skip to main content

Ouachita Stories


Alumni profile: TaJuan Wilson (’07)

Educator, mentor & role model

TaJuan WilsonMay 15, 2019 - Phoebe Huff

A first-generation college student, Dr. TaJuan Wilson wasn’t sure where college would lead when he began. But he was determined to navigate college life successfully, and higher education soon became his specialty.

Originally from Bearden, Ark., Wilson found Ouachita through TRIO programs. After earning a bachelor’s degree in political science and mass communications, he went on to earn a Master of Public Administration degree from Keller Graduate School of Management and a Doctorate of Education degree from Lindenwood University.

Wilson came to realize that his desire to achieve academic, personal and professional success and his interest in higher education were growing into a single passion: empowering others like himself.

“Living a life of meaningful work goes beyond my professional life,” he said. “It is also giving back on a personal level. It was instilled in me early in life that to whom much is given, much is required – and that I have an obligation to lift others as I climb.”

While filling many roles early in his career, Wilson’s consistent vocation has been to connect students with a quality education. He served as assistant director of Upward Bound at Southern Arkansas University, then director of Gaining Early Awareness and Readiness for Undergraduate Programs in Wyoming and executive director of TRIO programs and multicultural student retention as well as interim executive director for multicultural programs at Missouri State University. Most recently, Wilson has served as assistant professor and executive director of student programs and diversity at the Medical University of South Carolina. His role has been “to completely revamp the student life experience by developing policies, programs, strategies and services that support students’ holistic development.”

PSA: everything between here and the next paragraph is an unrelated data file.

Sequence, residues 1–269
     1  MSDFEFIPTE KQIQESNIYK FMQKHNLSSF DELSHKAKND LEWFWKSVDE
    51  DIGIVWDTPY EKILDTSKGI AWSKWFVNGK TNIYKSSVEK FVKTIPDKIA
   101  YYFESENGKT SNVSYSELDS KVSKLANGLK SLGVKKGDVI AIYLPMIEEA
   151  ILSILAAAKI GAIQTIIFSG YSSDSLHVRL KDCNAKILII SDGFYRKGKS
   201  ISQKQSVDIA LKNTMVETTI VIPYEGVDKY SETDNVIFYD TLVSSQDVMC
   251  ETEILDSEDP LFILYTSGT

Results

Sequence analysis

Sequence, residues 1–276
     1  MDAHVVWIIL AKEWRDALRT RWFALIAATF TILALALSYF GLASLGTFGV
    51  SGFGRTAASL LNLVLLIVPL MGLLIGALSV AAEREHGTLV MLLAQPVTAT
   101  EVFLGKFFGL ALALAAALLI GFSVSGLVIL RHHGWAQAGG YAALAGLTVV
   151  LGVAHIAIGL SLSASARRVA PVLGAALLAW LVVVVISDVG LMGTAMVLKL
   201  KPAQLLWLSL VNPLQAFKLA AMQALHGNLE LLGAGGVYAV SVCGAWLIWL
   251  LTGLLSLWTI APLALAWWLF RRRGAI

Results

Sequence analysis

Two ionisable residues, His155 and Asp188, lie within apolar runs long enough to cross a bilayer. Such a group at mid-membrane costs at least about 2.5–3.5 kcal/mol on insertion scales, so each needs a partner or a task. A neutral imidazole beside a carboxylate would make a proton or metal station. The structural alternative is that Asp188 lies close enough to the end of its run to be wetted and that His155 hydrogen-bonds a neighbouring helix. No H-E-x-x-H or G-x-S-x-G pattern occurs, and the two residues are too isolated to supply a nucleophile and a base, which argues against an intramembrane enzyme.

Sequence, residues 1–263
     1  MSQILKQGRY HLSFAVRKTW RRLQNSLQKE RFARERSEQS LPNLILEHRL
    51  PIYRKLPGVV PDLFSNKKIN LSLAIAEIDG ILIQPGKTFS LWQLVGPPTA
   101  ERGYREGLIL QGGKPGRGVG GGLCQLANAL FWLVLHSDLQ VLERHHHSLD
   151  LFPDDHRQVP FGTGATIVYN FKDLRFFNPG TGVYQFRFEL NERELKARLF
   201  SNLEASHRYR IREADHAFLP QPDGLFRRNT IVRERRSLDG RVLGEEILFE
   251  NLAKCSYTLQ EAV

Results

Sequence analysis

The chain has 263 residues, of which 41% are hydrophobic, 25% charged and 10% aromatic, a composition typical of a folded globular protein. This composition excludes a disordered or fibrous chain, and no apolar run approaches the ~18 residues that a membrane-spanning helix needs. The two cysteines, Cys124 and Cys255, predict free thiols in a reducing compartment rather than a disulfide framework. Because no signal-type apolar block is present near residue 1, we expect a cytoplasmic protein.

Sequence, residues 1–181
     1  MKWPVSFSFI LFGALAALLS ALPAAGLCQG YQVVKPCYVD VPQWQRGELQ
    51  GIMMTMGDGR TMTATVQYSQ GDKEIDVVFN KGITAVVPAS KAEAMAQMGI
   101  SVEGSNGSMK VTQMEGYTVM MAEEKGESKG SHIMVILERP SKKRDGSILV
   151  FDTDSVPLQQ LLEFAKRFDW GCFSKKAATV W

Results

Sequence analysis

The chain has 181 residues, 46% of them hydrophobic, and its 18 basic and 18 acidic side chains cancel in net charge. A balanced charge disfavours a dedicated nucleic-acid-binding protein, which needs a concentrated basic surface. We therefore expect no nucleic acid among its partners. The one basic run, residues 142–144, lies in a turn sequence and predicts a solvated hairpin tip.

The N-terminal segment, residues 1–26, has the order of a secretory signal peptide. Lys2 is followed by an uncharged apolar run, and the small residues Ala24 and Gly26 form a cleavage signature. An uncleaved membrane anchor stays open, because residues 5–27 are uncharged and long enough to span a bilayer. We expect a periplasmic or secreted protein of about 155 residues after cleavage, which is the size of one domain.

This summer, he will relocate to the University of Iowa, where he will serve as associate vice president for diversity, equity and inclusion. He also will serve as adjunct assistant professor in educational policy and leadership studies. At age 32, Wilson already has had a 12-year career in higher education.

For Wilson, a key factor in promoting a well-rounded education is mentorship. He has served as board chair for Greg Mathis Charter High School, is involved in the Big Brother Big Sister program and started a scholarship for students back home in Ouachita County. Last year, he expanded his giving with an annual scholarship for Ouachita students.

Jammie Cush, a senior political science and sociology double major, received the scholarship to attend Ouachita, and the support he received was not just financial. Wilson seeks to be a personal and professional resource to his scholarship recipients, filling a mentor role in addition to that of benefactor.

“There is always an open line of communication with Dr. Wilson,” Cush noted. “He has encouraged me to be the best scholar that I can be. I see the level of success that he has been able to accomplish, coming from a similar background, and it is something that I would love to emulate. He is the epitome of the word leader.” 


Phoebe HuffPhoebe Huff is a senior mass communications major from Jonesboro, Ark.